Opinion

KA was Suspended, but Not Because of COVID-19

KA acted foolishly. In doing so, they gave Furman the excuse they needed—and likely have long been looking for—to excise a political liability.

KA was founded at Washington and Lee University in Lexington, Virginia in 1866. At the time, former Confederate General Robert E. Lee was President of that institution. Pixabay

When I first heard of the Kappa Alpha (KA) incident, I was conflicted. I am of two minds on COVID-19; while I am inclined towards safety — and an abundance of caution — I also despise restrictions and sympathize with those wanting to ignore them, despite their necessity. However, KA’s suspension is less about COVID-19 and more about politics. 

The KA organization has a long history of questionable activity — and worse. Their behavior during the weekend before last gave Furman the opportunity to get rid of a PR nightmare. It was political expediency more than COVID-19 that got KA banned from campus. 

KA was founded at Washington and Lee University in Lexington, Virginia in 1866. (W&L, as it is normally called, is the nation’s ninth oldest university). At the time, former Confederate General Robert E. Lee was President of that institution. Everything that I have ever read about Robert E. Lee indicates that he was an honorable and conscientious, though flawed and conflicted, man. He was favored by American officers to lead the Union Army against the South. However, after a struggle with his feelings and loyalties, he decided that he could not betray his own state: Virginia. He made the wrong choice—but his struggle speaks to a man who was moderate and humble. 

After the Civil War, Southern politics were shaped by opinions that were anything but moderate and humble. Instead of recognizing the evils of slaver —and, indeed, the South’s inglorious defeat—powerful Southerners chose to construct a “Lost Cause” myth. In so doing, they built statues, constructed creeds, and engendered terrifyingly creative strategies to keep their power. With this movement, Kappa Alpha took shape at W&L under General Lee’s Presidency.  That fraternity eventually spread to many American universities, including Furman.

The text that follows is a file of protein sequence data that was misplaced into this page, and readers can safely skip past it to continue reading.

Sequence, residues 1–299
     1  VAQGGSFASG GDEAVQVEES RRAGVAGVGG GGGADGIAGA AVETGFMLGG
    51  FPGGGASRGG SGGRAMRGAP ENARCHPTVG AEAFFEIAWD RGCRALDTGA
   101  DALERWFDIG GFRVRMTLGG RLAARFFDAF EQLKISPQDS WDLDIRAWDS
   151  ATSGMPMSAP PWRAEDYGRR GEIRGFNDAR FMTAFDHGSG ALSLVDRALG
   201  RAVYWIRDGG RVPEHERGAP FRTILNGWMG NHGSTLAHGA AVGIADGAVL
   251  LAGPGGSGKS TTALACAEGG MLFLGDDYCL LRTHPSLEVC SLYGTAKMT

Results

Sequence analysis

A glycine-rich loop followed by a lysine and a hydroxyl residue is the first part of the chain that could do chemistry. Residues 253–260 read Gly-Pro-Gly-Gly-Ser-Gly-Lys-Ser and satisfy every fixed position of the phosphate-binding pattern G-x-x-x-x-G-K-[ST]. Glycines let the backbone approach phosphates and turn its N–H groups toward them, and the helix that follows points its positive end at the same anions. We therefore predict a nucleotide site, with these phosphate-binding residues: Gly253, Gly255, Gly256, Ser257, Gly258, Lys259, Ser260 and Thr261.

What would you think if I informed you that the original Kappa Alpha fraternity based its initiation rituals on those of the Ku Klux Klan? But that is not true — it was likely the other way around. In 1915, a famed moviemaker named D.W. Griffiths released a film named Birth of a Nation which furthered the “Lost Cause” concept and lionized the KKK. That film was based on a novel—The Clansmen—which was written by a late-eighteenth century KA brother. It must be stated that it would be unreasonable to (1) not recognize that organizations change over time or (2) attribute the flaws of one man to an institution that he was associated with. 

That said, recent incidents involving KA at several universities do not exactly differentiate the fraternity from its unseemly history. These include cases of extremely sadistic hazing, uncouth communications, and distasteful demonstrations. 

Currently, our nation and institutions are being forced examine their past. Though merited, this process is both painful and dangerous. A misunderstanding or unfortunate association can destroy careers and reputations. In this political climate, it is terrifying for a university to be associated with an organization like KA, especially while Furman is trying to clean up its reputation and history. KA acted foolishly. In doing so, they gave Furman the excuse they needed—and likely have long been looking for—to excise a political liability.

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